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It’s hard for me to think of a phrase more anxiety-inducing than

“Let’s start with an icebreaker!” 😱😳😬

When I was growing up, I loved going to summer camp. So much so, that when I became too old to be an attendee, I immediately enrolled to become a camp counsellor at only 14 years old.

I still vividly remember the very first camp councillor get-together inside a community center near where I grew up.

When I walked in, I didn’t see many familiar faces, just a sea of strangers. So, when the lead councillor asked us to get into a circle because we’ll start with an icebreaker, it sent shivers down my spine.

There were about 40 people standing in a large circle, and one by one, they introduced themselves to the group.

As my turn was inching closer, my heart was beating faster and faster 💓

I couldn’t pay attention to anything the other people said because in my head, I was editing every word I wanted to say when it was my turn. In my head, I started rehearsing “Hey, I am Jan and I am excited to be here! Hello, my name is Jan… No, it sounds better when I keep it short… Hey, I’m Jan … ”

Two more people before it was my turn.

I was thinking: “If I am quick, I could just sneak out to the washroom right now”, but that would put even more pressure on myself being the center of attention. And that was the worst nightmare.

Suddenly, it was my turn…

I was thinking: “Ok, let’s just get this over with…”

I looked around the room. I could feel everyone staring at me, their eyes judging me, waiting for me to stutter, mess up. My default in these situations was to freeze, but I just couldn’t let that happen this time.

And… I… froze… 🥶

Everyone was still looking at me. It was so awkward I wanted to disappear.

But then I mustered all my courage and just said my line: “Hey, I’m Jan and I am happy to be here!”

Then I waved my hand awkwardly and quickly looked to the person on my right to signal that I am done.

Wow, that was intense! 😓
My knees were still shaky, but I was happy I survived.

Icebreakers can be extremely useful to warm up a group, break down barriers, and build trust.

But, if you’re doing them wrong, they can backfire and make people extremely uncomfortable!

Before we can talk about what makes them fail and how to avoid your participants feeling the way I did, we should define what icebreakers actually are.

Here is an online definition I found:

An icebreaker is an activity, event, or game that is designed to break down social barriers, make others feel more comfortable, and facilitate social interaction.

Icebreakers are usually performed at the beginning of a meeting or team session and involve a group of people.

And when I asked my facilitator community to define it, this is what they shared on LinkedIn:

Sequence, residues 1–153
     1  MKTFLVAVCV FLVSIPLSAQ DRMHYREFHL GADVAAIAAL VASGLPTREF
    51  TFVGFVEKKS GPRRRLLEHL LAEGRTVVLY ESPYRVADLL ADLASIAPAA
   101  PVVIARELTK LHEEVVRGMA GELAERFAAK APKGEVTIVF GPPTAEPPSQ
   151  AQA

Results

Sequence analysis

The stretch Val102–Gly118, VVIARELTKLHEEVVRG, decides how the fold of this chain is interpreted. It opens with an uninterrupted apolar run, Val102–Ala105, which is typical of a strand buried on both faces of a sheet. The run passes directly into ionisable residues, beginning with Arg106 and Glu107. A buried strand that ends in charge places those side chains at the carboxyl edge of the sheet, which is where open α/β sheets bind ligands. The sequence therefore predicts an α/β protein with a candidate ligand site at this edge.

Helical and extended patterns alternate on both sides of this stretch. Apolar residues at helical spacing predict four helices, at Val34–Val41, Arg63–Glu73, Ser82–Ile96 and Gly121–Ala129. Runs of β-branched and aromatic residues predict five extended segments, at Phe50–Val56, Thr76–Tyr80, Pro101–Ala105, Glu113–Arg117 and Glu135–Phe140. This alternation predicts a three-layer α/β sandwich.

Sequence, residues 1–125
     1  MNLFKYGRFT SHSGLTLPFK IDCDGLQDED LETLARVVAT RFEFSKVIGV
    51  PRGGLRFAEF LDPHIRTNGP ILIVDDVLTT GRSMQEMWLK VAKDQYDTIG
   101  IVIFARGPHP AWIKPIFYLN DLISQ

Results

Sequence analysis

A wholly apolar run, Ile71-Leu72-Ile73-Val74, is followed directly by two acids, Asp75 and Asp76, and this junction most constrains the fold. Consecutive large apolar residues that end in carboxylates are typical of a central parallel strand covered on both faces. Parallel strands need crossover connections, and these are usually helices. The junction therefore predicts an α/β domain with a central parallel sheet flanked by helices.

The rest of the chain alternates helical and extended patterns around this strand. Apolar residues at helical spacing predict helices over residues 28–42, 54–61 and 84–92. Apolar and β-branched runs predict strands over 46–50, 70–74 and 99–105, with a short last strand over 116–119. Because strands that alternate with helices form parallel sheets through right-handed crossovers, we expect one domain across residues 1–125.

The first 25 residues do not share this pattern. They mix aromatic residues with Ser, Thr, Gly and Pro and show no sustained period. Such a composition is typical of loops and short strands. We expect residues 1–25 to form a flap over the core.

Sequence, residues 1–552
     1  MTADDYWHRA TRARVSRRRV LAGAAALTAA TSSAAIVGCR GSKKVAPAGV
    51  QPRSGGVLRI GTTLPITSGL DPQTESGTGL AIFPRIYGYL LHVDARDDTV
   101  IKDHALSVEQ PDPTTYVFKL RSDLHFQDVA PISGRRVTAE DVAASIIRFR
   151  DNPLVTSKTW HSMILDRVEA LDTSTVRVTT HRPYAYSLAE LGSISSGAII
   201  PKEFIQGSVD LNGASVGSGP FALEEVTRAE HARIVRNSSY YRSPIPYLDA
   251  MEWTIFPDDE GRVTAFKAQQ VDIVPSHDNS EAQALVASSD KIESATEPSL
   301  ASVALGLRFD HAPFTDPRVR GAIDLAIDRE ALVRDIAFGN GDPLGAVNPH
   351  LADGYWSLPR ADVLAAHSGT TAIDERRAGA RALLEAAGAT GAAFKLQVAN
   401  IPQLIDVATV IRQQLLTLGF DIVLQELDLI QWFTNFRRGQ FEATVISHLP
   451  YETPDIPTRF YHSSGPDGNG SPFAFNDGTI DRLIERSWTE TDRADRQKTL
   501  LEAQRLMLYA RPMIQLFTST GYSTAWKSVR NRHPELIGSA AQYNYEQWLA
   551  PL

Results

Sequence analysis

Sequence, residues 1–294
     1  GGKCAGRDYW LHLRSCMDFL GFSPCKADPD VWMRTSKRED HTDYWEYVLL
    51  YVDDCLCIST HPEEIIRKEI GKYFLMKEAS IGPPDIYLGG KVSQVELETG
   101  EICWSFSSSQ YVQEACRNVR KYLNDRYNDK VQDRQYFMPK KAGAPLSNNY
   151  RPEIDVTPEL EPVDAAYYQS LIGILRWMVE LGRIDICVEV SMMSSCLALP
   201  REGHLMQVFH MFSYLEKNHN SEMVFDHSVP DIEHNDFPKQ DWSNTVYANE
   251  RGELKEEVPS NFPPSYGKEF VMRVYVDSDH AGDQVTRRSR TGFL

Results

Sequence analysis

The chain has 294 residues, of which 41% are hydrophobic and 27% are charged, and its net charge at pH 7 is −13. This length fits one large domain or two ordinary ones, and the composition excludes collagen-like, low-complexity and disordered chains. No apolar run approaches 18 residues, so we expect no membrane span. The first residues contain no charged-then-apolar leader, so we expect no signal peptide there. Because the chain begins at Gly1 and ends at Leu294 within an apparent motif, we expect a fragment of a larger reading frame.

• An activity that can help overcome the awkward silence between two or more human beings… 🤔
  • An engaging/collaborative activity that breaks the surface tension of a space so that information and ideas that come after have the opportunity to sink in.
  • In a learning environment, an exercise that puts the learners at ease enough to lower their defences and become receptive to learning something new.

Sounds great, so what’s the problem?

When you gather a group of strangers, you need to build trust quickly.
They need to trust you as the leader, themselves, and each other.

If this trust doesn’t exist yet, asking your participants to step outside their comfort zones (which is different for everyone) can make them get into fight or flight (or freeze in my story above).

Even if “introducing yourself” feels easy to you, it can feel rushed and extremely uncomfortable for someone who is shy, introverted, or experiencing social anxiety.

How to make your icebreakers a success?

Success comes down to your ability to lead them well!
(more on that in another email 🙂)

But I also believe that most people cringe and sigh when they hear the words “Let’s start with an ice breaker” because of the word iceBREAKER.

I mean, to me the act of “breaking” the ice sounds jarring and painful.

That’s why I started reframing the word as iceMELTERS,
“warm ups” or “connection activities”.

Visually, this requires a group to warm up slowly.

Like starting a campfire 😄🔥 (which is also something you’ll hear me talking about more soon)

But what’s even better: Don’t name your activity at all and just get right into it.

Start by explaining what you’ll do with the group and why without putting a label on the activity at all. That way you’ll avoid people crossing their arms, letting out a loud sigh and closing themselves off from truly participating – at least for now.

Want more?

This is part of a writing experiment I am doing to hit “send” after 1.5 hours – even if the message could be better or still has some spelling mistakes in it. It’s quite vulnerable to share these early drafts, but that’s what will make sure that you can expect something like this from me every Monday if you subscribe to my Ice Melters Book Updates below.

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I am writing a book that is a practical guide for empathetic leaders seeking to design group experiences that spark engagement, encourage vulnerability and unlock the power of deep connection.

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Jan Keck

Jan Keck

Trainer | Facilitator | Experience Designer · Turning Meetings into Inclusive, Engaging and Memorable Experiences 🙌